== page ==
Written by Marvin Stoxstell
I remember my grandfather would look me straight in the face, squint his eyes, and in his low baritone tell me stories of how the people of the South would call him “The Sheriff” because he could drive so well. He described how he’d turn a corner so fast it would throw rocks up into the back of his truck. It wasn’t until later that I learned he got these skills running moonshine, just like my great-great grandfather Lee Stoxstell did before him.
My great-great grandfather had one of the largest stills in Batesville, Mississippi, and would run moonshine from Memphis, Tennessee, all the way to Chicago, Illinois. His liquor was so good, a white man traded him a now antique Winchester from the 1800s for a gallon of moonshine and Southern Hot Toddy. That Winchester is still in my family to this day, along with several of those same rifles that won the West.
In 1937, my father M.C. Stoxstell was born on a cotton plantation in the Mississippi Delta and he worked the fields as a boy. It was grueling work that didn’t pay much and the likelihood of getting a great education was slim to none for a black man at the time.
In fact, my father received only an 8th grade education due to trying to help support his family in a place where everybody in the community was suffering from one adversity or another. As soon as he could manage it, my father got our family out of the Delta hoping to build a better life in eastern Texas where I was born in 1968.
My father has been a Christian man for as long as I can remember. Whenever any of us took sick with severe flu or cold and Nyquil could no longer do us justice, my dad would pull out the secret family weapon— no, not those rifles, but the very commodity that helped us get them— The Southern Hot Toddy.
Like an ancient ritual, Dad would always share the story of how this legendary drink became such an important part of our family’s tradition. He would recount how, working those cotton fields, they couldn’t afford a doctor when someone took sick. Instead, they relied on their own remedy which seemed to work every time.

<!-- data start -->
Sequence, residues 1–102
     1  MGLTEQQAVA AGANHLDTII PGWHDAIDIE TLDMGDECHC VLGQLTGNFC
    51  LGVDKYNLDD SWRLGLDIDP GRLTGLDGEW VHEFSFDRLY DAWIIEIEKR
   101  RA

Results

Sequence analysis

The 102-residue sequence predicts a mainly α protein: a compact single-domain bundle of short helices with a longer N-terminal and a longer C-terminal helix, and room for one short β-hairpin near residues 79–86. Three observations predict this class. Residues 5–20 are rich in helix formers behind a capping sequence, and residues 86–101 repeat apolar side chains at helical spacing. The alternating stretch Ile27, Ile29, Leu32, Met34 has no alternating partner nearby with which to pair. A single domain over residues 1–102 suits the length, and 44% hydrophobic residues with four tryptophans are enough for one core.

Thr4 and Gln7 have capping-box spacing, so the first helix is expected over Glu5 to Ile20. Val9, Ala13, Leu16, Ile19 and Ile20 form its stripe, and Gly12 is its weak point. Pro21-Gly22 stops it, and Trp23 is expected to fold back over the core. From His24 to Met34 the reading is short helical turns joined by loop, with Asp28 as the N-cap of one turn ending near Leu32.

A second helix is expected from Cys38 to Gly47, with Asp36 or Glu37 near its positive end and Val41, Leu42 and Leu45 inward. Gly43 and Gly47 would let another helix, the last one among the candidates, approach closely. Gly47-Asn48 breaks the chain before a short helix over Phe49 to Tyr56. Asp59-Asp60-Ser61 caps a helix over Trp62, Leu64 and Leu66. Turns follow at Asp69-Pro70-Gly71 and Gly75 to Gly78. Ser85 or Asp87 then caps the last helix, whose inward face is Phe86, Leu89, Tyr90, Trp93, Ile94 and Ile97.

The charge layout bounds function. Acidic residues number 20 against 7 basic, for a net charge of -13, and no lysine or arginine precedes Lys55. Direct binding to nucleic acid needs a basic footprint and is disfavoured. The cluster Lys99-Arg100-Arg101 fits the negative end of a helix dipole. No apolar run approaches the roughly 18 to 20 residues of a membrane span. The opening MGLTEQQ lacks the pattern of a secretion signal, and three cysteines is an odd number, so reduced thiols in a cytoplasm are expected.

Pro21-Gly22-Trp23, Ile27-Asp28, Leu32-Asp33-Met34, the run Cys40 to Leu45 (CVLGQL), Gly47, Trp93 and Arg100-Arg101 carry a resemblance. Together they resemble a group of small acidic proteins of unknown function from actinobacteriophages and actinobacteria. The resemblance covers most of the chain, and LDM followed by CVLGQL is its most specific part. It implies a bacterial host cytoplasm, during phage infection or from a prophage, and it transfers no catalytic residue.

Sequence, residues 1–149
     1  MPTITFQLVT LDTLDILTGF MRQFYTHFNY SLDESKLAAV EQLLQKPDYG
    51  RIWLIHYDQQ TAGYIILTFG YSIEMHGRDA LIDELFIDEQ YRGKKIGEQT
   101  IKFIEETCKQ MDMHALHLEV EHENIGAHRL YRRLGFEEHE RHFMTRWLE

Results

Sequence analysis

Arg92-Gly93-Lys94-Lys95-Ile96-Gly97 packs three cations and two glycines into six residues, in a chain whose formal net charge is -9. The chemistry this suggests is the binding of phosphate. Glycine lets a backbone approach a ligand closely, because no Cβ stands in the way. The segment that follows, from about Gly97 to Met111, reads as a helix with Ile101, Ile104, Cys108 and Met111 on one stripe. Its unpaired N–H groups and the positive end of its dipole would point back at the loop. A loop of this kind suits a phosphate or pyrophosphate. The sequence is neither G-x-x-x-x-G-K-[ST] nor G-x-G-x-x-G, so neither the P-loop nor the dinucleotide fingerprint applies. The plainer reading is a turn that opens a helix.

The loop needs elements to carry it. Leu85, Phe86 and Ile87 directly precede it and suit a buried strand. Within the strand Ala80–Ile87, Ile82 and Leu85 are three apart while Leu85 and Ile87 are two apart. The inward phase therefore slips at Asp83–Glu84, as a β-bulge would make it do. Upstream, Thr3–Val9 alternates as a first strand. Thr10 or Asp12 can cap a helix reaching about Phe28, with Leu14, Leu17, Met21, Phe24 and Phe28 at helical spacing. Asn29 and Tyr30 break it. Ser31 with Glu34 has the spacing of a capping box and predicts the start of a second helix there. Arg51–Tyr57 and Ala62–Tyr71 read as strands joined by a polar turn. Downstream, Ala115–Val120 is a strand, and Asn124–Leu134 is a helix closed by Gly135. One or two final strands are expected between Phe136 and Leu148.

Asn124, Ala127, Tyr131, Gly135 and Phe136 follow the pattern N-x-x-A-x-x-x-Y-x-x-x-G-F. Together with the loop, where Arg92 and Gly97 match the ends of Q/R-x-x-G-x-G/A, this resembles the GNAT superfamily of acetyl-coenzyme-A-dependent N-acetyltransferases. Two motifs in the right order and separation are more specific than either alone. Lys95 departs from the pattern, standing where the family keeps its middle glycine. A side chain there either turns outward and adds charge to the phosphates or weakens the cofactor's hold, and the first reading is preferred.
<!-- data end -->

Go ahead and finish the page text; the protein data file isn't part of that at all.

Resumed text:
Dad would be standing over the pot, boiling sliced lemons. He’d say that most people who make a Hot Toddy with a little lemon juice, “don’t know what the heck they’re doing.” Then he’d say that the key is to cut up whole lemons, boiling the husk and seeds together and stirring the pot until some of the pulp starts floating in the water.
At this point, you’re told, “Go in there and take a hot bath— as hot as you can stand it. I’m not telling you to soak in the tub, but bathe and get out; then you’ll be ready to sip down this Hot Toddy.”
When dealing with a severe cold, you can’t really smell much of anything— but when Dad was making a Hot Toddy, your nose opened before the drink even touched your lips. I’ve never known a lemon to smell so good.
“Son, we didn’t have Vicks vapor rub. We made hog salve (Talon) and cow chip tea to treat congestion,” he’d say. “Nowadays people will frown at you just by mentioning these things, but these remedies are what kept us alive.” Every time I take a sip of a Hot Toddy, I’m taken back to these words— and it makes me feel connected to my ancestors.
“Miss Hot Toddy” was perfected through a process of combining honey, lemon, ginger, and Southern distilled whiskey, all brewed by hand and passed down across generations. It was more than a Southern tradition for so many, and to me and my family, that hasn’t changed.
The legacy of this legendary spirt lives on, allowing you to experience over 200 years of excellence, healing, and history. Drink up and be well.